Blood transfusion tied to higher complication risk after autologous breast reconstruction
Blood transfusion occurs with a striking frequency among autologous breast reconstruction patients and is associated with an increased risk of surgery-related complications, a recent study has found.
The study included 55,840 patients (mean age, 52±10 years) who had undergone autologous breast reconstruction surgery from 2012 to 2014 in the United States. The primary study outcomes were the overall rate of blood transfusion and the associated risk factors and outcomes.
Seven percent of all participants required blood transfusion. This rate was lowest in those who underwent latissimus dorsi myocutaneous flap procedures (3.3 percent) and highest in the free gluteal artery perforator flap patients (22 percent).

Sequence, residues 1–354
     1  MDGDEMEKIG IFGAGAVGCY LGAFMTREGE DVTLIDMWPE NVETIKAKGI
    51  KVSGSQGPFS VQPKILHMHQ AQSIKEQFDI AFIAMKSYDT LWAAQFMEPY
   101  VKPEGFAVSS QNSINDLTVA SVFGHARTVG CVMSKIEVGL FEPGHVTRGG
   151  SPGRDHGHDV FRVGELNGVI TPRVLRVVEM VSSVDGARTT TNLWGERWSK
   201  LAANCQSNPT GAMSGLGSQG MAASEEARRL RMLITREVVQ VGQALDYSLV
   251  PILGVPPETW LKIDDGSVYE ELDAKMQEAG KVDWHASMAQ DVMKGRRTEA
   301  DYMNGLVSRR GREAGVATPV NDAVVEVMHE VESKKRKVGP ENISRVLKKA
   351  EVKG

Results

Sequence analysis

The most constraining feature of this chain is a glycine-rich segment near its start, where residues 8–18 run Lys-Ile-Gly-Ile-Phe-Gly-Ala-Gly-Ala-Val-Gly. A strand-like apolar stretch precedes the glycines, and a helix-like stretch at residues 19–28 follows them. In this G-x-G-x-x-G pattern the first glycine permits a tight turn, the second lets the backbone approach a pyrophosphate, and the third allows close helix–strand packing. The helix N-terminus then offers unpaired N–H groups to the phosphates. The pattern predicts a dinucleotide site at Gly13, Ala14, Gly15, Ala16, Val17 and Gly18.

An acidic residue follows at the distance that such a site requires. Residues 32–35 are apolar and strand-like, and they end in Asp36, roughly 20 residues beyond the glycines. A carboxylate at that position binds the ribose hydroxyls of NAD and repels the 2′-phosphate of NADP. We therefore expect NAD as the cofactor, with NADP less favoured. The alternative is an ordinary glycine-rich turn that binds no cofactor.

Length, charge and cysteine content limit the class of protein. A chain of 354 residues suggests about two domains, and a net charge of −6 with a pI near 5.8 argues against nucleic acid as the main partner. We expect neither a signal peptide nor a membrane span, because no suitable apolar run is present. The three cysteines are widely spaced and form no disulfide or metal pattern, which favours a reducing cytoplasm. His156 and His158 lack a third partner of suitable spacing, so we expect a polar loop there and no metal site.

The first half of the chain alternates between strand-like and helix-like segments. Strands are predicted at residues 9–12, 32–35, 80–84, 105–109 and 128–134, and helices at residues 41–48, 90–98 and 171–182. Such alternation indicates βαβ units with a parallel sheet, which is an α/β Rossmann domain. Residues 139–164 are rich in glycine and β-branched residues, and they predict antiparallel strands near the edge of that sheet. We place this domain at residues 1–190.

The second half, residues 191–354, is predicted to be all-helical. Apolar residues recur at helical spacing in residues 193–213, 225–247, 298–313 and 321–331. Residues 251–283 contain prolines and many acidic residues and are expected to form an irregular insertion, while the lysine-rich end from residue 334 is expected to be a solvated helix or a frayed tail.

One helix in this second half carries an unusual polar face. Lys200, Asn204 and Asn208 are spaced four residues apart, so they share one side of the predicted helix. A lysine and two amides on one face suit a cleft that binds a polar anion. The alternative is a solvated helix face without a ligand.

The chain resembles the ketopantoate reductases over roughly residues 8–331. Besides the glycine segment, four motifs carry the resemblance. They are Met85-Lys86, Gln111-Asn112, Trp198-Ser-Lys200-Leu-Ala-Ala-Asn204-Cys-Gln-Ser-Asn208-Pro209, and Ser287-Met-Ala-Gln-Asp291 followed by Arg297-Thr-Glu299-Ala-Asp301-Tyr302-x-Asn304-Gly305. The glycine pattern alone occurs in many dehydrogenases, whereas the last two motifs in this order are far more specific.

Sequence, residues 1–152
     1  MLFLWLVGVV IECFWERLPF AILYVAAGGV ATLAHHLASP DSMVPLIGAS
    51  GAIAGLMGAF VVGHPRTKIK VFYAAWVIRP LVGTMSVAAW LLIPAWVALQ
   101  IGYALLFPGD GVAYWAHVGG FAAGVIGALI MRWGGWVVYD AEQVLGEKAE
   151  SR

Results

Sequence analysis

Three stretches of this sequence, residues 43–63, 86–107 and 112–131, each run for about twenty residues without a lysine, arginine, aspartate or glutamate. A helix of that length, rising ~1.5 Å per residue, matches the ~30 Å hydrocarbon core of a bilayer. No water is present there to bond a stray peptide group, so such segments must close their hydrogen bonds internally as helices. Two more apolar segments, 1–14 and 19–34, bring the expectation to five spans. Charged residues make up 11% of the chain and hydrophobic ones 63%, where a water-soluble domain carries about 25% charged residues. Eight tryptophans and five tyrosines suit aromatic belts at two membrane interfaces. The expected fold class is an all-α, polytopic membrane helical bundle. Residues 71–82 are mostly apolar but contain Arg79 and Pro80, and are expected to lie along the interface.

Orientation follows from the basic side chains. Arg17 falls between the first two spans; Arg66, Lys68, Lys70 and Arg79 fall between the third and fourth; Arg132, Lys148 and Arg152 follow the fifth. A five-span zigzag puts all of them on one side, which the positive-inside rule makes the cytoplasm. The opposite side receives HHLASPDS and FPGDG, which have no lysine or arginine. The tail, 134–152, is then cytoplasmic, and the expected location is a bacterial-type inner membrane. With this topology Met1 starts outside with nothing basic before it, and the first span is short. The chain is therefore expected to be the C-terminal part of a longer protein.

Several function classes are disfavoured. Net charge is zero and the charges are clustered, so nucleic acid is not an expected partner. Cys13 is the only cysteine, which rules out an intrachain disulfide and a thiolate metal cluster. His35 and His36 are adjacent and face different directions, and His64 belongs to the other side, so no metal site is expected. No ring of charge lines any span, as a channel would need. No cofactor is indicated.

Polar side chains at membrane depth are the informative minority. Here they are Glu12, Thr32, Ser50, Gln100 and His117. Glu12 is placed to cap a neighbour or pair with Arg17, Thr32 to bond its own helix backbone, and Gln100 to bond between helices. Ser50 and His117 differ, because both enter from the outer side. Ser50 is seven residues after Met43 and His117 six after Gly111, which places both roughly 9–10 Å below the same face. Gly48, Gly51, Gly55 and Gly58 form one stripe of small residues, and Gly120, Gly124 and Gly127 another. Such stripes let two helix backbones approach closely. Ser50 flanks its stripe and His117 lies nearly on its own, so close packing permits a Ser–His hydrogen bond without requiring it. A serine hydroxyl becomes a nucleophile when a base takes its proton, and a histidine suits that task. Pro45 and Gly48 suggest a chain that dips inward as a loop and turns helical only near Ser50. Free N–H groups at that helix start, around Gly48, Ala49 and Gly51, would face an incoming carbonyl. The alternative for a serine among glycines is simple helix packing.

Patients who underwent blood transfusion also suffered from complications much more frequently (29.55 percent vs 8.48 percent; p<0.01) and stayed in the hospital for a significantly longer duration (6.6 vs 3.6 days; p<0.01). Death was also more common in these patients (0.51 percent vs 0.02 percent; p<0.01).
All other complications, such as urinary tract infection, acute respiratory failure, wound infections and dehiscence, flap failure, myocardial infarction, stroke, and pneumonia, among others, occurred significantly more frequently in those who required blood transfusions. The only exceptions were fat necrosis (p=0.89) and seroma (p=0.17).
Multivariate regression analysis found that chronic anaemia, congestive heart failure, free flap, chronic kidney disease, hypertension, chronic lung disease, diabetes mellitus and obesity were significant risk factors for the need for blood transfusion.